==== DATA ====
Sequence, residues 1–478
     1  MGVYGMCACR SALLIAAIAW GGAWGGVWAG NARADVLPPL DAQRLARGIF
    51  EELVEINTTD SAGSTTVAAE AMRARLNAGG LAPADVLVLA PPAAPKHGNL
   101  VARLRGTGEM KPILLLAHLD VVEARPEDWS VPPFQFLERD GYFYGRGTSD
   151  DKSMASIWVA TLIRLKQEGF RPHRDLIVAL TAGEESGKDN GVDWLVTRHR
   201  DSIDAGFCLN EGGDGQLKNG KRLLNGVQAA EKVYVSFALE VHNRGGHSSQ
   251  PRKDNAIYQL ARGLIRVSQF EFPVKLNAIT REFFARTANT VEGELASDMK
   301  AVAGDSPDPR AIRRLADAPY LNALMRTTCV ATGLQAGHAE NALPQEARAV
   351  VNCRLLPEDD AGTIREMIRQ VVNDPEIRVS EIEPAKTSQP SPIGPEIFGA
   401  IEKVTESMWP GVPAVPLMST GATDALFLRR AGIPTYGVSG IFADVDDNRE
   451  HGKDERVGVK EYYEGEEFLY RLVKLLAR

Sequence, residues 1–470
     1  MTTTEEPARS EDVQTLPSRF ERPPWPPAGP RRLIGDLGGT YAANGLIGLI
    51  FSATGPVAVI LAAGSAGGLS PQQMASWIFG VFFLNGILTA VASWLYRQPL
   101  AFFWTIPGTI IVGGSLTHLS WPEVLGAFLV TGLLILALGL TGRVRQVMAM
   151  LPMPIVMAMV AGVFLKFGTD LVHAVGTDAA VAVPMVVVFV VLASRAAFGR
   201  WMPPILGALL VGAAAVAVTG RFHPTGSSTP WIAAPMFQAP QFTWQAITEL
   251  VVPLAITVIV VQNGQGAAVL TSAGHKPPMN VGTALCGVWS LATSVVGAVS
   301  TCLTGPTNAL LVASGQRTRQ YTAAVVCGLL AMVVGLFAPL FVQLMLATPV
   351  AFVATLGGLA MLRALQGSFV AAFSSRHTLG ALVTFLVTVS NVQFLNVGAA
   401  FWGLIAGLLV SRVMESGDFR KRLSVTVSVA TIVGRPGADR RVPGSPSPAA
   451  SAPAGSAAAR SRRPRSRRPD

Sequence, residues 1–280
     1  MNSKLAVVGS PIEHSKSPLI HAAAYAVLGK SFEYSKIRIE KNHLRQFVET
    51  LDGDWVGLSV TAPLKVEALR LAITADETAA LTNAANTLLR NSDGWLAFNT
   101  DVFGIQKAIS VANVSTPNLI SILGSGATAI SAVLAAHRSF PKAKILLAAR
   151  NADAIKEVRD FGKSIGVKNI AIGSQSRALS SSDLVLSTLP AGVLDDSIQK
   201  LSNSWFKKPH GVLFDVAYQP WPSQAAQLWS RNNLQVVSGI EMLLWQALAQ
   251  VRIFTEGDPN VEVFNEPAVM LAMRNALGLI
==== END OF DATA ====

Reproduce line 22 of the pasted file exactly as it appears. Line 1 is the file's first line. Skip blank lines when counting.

   451  SAPAGSAAAR SRRPRSRRPD